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How a quirk of fate unravelled one of the world's greatest photography mysteries. The Vivian Maier story

Vivian Maier self portrait

Vivian Maier self-portrait

Image: Vivian Maier/ John Maloof Collection

It has all the elements of a great detective story and a Greek tragedy. The story of a reclusive nanny who died impoverished, eccentric and unknown but who is now being compared to some of the greatest street photographers of all time.

Vivian Dorothea Maier (February 1, 1926 – April 21, 2009) was an American street photographer. She was born in New York City but spent much of her childhood in France.

After returning to the United States, she worked for about 40 years, mostly as a nanny in Chicago. During that time, armed with a twin lens Rolleiflex camera, constantly strung around her neck, she took more than 150,000 photographs, mostly of people and architecture of New York, Chicago, Los Angeles. She also travelled and photographed worldwide in 1959 and 1960 on a round the world trip likely financed by the sale of a family farm in Saint-Julien-en-Champsaur.

Maier was a deeply private person who made no effort to get her vast body of work seen, although she went to great lengths to preserve it. It was almost as though she was obsessed with documenting her own world and determined to keep it private. She carried her life around with her in suitcases and boxes and grew angry when anyone tampered with her possessions.

Quirk of fate

Vivian Maier would likely have remained unknown, her work tossed out and destroyed as old junk, had it not been for a quirk of fate.

Maier grew poorer with old age and fell on hard times and was evicted from a cheap apartment towards the end of her life. (A former employer came to her rescue.) 

In 2007, two years before her death, Maier failed to keep up payments on storage space she rented in Chicago. As a result, the storage-locker was opened and the contents put on auction. Her prints, negatives, audio recordings that she'd made as well as 8mm films she shot, were bought by three photo collectors, John Maloof, Ron Slattery and Randy Prow.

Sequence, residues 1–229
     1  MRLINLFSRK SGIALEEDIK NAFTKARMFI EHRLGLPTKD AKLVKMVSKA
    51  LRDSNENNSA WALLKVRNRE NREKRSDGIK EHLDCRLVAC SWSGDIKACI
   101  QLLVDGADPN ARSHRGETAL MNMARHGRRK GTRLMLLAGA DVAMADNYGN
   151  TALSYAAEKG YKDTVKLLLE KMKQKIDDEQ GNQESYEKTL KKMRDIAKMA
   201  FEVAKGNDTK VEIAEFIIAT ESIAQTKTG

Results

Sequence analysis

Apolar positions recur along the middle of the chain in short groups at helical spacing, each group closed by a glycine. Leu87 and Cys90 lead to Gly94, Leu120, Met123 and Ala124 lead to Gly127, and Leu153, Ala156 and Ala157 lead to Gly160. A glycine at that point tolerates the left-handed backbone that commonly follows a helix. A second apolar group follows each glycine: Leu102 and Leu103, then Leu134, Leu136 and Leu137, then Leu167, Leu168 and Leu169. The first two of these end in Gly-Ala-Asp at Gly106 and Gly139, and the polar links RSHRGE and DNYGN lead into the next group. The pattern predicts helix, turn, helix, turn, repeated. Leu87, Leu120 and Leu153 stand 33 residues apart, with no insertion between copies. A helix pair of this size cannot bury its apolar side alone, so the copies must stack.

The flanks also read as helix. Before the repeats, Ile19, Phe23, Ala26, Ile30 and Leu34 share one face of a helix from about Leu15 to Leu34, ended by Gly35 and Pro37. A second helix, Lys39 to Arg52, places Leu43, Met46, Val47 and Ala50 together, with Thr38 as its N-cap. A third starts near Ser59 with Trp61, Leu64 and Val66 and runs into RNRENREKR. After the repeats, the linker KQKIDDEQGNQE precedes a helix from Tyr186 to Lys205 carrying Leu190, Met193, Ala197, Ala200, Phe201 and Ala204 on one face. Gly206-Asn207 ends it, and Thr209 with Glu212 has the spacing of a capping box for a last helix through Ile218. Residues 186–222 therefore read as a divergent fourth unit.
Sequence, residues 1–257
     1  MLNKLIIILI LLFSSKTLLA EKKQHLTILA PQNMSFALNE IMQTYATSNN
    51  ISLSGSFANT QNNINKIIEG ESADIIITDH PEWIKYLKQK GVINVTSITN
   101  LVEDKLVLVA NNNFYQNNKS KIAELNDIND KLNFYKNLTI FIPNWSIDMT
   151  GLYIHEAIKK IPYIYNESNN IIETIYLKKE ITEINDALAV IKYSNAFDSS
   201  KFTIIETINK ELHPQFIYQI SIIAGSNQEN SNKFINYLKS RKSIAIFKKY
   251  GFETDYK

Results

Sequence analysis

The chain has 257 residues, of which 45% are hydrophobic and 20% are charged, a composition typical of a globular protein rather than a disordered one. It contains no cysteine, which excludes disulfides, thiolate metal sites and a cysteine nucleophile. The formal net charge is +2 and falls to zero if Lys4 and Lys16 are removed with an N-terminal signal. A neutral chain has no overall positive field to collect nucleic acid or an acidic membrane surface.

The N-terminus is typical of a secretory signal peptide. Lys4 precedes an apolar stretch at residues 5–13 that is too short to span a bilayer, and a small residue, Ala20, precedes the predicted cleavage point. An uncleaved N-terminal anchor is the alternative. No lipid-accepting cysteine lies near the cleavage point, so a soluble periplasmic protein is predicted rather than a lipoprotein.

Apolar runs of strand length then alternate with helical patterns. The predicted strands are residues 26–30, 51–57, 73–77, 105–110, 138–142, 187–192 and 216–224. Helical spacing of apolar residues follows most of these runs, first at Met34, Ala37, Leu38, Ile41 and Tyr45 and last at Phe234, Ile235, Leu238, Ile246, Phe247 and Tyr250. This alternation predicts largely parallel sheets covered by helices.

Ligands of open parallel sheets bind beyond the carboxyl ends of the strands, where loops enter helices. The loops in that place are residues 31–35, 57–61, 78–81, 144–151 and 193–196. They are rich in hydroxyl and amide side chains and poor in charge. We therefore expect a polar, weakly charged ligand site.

A year later Slattery published the photos he'd bought on the Internet but they attracted ought little attention or response.

John Maloof, a real-estate agent with an interest in photography, bought a box of negatives for $400 that he hoped contained historic images of the city. He planned to use them in a history book about the Chicago neighbourhood of Portage Park that he was researching at the time.

The auction house gave Maloof, Maier's name but could tell him nothing more about her.

When Maloof started scanning the images he realized he'd stumbled upon something extraordinary. But he knew nothing about the photographer. A Google search turned up Maier's death notice in the Chicago Tribune in April 2009.

In November 2008, Maier had slipped on ice and hit her head. She was taken to hospital but failed to recover. In January 2009, she was moved to a nursing home in Highland Park, where she died on April 21, 2009.


In October 2009, Maloof linked his blog to a selection of Maier's photographs on Flickr, and the results went "viral", with thousands of people expressing interest. (Her prints now sell for around $5000!) It was to be the start of an all-consuming obsession for John Maloof. He set out on a quest to find and buy Maier's work and now owns around 150 000 negatives, more than 3 000 vintage prints, hundreds of rolls of film, home movies, audio tape interviews and items including cameras and paperwork. His collection is believed to be around 90% of her known work.

Chicago art collector, Jeffrey Goldstein acquired a portion of the Maier collection from Prow, one of the original buyers, and his collection has since grown to include 17,500 negatives, 2,000 prints, 30 homemade movies, and numerous slides.

Vivian Maier has achieved - albeit posthumously - what she seemed to most want to avoid in life - fame.


 A documentary movie titled Finding Vivian Maier was released in mainstream and art movie-houses in the US and UK early in 2014 and in July the film was released for home purchase on DVD.

Highly acclaimed by critics, it is a tantalising and fascinating film that never quite explains the enigma that was Vivian Maier. In spite of interviews with children (now grown up) that she cared for during her 40 years as a nanny, housekeeper and caretaker with various well-heeled families, she still remains a mystery.

The kids she cared for have mixed memories of her, some recall her as being aloof and even abusive. At one point she was the nanny of US talk-show host, Phil Donahue, who remembers she once took a photograph inside a garbage can. There is also a story of how a child under her care was knocked down and injured by a motorcar and that her first reaction was to shoot his picture while he lay on the ground, before tending to him.

What all recall is being dragged to all parts of the city - including some of the less savoury districts - while Maier shot pictures with her Rolleiflex. She had a genius for composition and a knack for engaging with and relaxing her subjects, whether they were bums on skid-row or well-to-do shoppers. But she also took photographs secretly as her Rolleiflex allowed her avoid eye-contact. It required she look down in order to focus and take the picture.

Dianne Arbus

Maier's work has been compared to that of Harry Callahan, Garry Winogrand, and Weegee, as well as Robert Frank and Dianne Arbus and, but for a twist of fate, the Mary Poppins of Photography might have slipped unknown and lost into obscurity and humanity would have been the poorer.


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